You know, I remember an interview that Zoe Keating gave some time ago where she described leaving an unsuccessful audition completely disenchanted with the whole culture of classical music, standing in cold fog and waiting for a bus while thinking to herself, “I will never play classical music again.” I’m not sure where I lie on that spectrum, but after months of crap and neverending back-and-forth, it’s at least somewhere along there.

And I’m not interested in hearing about how I Can Help Classical Music, or I Should Stand Up For Women Composers or some such. That’s dreck. This is not a problem with women. We’re not at fault, so I’m not holding myself responsible for the entirety of the solution anymore, nor guilting the shit out myself for not being able to solve a problem by my little lonesome that’s the size of seven billion people and has been around since the dawn of time — that’s just one more vicious edge on the sword I’ve been contemplating falling onto for the past few months. I am more than a body to be shoved in front of a cannon in hopes that once enough corpses pile up, whoever comes next can climb over the pile and make progress. I will not be a nameless corpse nor a nameless guilt-riddled corpse.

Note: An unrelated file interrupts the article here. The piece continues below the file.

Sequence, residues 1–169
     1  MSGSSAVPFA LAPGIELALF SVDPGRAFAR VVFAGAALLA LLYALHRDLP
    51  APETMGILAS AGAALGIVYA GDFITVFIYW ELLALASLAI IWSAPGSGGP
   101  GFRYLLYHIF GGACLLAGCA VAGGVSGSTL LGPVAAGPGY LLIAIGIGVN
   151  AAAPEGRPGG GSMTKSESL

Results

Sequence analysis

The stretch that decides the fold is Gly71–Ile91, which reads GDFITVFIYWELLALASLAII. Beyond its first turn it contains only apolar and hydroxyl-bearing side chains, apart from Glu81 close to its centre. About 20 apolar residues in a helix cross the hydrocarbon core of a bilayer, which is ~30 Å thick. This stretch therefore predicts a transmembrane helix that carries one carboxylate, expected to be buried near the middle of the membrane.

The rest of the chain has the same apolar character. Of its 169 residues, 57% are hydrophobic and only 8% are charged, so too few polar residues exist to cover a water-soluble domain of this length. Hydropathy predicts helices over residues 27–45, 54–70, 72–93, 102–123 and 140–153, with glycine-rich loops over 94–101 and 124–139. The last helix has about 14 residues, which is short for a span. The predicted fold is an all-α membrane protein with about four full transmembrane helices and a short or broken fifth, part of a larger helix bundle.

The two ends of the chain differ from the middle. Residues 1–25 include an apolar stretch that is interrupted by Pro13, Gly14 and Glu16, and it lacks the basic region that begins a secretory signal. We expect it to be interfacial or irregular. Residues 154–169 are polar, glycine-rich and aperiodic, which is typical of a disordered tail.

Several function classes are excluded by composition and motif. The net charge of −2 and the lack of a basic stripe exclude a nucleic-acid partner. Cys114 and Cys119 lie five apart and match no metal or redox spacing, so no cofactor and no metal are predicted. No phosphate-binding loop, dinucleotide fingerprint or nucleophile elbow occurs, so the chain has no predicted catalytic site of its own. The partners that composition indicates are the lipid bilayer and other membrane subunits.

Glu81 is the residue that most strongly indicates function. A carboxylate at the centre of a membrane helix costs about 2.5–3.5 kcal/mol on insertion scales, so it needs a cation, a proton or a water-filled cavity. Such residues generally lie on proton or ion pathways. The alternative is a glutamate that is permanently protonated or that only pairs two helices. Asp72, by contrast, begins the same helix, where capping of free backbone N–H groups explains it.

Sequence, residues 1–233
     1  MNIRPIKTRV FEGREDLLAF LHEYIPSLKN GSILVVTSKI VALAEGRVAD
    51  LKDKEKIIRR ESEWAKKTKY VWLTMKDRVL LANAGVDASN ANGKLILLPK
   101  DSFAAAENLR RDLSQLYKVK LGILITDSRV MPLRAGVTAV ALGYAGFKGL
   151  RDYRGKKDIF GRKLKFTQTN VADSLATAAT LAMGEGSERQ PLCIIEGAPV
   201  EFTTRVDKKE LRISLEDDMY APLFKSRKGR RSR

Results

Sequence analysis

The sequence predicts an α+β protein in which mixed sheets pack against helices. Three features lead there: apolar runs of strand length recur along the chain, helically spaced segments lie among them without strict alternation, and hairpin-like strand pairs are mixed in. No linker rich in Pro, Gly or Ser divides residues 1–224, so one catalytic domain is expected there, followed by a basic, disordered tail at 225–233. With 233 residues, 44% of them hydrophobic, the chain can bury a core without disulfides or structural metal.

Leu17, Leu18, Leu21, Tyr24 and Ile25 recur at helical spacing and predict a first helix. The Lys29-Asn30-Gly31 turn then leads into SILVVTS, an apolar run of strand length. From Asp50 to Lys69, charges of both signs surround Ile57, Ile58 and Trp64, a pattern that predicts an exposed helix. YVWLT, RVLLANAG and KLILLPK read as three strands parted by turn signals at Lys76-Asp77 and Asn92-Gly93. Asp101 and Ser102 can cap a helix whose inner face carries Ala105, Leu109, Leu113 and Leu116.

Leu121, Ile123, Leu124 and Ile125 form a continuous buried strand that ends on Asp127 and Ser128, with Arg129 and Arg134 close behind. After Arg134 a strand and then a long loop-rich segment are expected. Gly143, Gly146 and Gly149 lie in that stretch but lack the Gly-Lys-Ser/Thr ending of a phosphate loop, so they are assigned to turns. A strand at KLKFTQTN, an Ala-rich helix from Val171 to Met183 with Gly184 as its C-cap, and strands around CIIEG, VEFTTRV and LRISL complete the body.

There comes a time when I Should Stay And Fight starts to sound a lot like But He Needs Me And I Can Help Him Change.

Anyhow. Looking forward to getting this thing. And once again, we’ll go from there.

First of the year

Dusty Strings Ravenna 34

We’ll see what happens.